Relevant data were collected and documented on a standardized case report form. Two data collection methods were utilized: chart review method and direct observation method. The medical chart of each patient was reviewed, and the following data were collected: patient care ward, age, gender, weight, allergy history, American Society of Anesthesiologist (ASA) score, characteristics of surgical procedure, prescribed antibiotics for PAP, dose, administration route, duration, and the number of doses. The observation method was used to report the timing of administration of the first antibiotic dose in relation to incision time and which health professional administered it.
Analysis of PAP use
Appropriateness of PAP was assessed by comparing it to the joint guidelines of the Infectious Diseases Society of America, the ASHP, the Society for Healthcare Epidemiology of America, and the Surgical Infection Society (Bratzler et al., 2013). To simplify, we referred to those guidelines as ASHP guidelines. The following aspects of PAP were assessed: a) indication, b) antibiotic selection, c) duration of use, d) dosing, and e) timing of administration of the first PAP dose (Table 1).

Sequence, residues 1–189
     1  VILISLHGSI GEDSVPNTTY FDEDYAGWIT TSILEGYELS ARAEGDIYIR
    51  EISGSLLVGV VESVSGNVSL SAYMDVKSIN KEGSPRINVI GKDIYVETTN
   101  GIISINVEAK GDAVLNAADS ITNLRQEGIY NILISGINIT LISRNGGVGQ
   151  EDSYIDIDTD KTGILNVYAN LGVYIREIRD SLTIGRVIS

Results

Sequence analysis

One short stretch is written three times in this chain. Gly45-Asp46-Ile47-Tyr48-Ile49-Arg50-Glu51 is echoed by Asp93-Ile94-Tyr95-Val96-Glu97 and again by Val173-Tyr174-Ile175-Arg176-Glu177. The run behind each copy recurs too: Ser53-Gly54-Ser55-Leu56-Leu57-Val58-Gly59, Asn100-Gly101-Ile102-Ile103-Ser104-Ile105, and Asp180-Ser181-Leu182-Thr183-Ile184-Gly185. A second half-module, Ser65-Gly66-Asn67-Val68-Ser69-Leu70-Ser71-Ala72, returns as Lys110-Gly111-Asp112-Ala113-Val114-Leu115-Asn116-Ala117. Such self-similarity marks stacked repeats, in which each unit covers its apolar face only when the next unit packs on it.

PAP practice was judged adherent to guidelines if all aspects followed the recommendations of the guidelines. For antibiotics given without indication, the parameters of selection, dosing, the timing of administration of first dose, and duration were not assessed. The overall adherence rate to guidelines was calculated by summing up all patients who were eligible for PAP and were delivered the correct antibiotic at the correct dose, the timing of administration of first dose, and duration to those patients who were not eligible for PAP and not delivered it divided by the total number of patients. The indication adherence rate was calculated by summing up all patients who were eligible for PAP and were delivered it to all patients not eligible for PAP and not delivered it divided by the total number of patients. Finally, adherence rate for each other aspect of PAP use (selection of the antibiotic, dosing, duration of use, and timing of administration of the first dose) was calculated by dividing the number of patients delivered PAP correctly with respect to that specific aspect by the number of patients delivered PAP when it was indicated.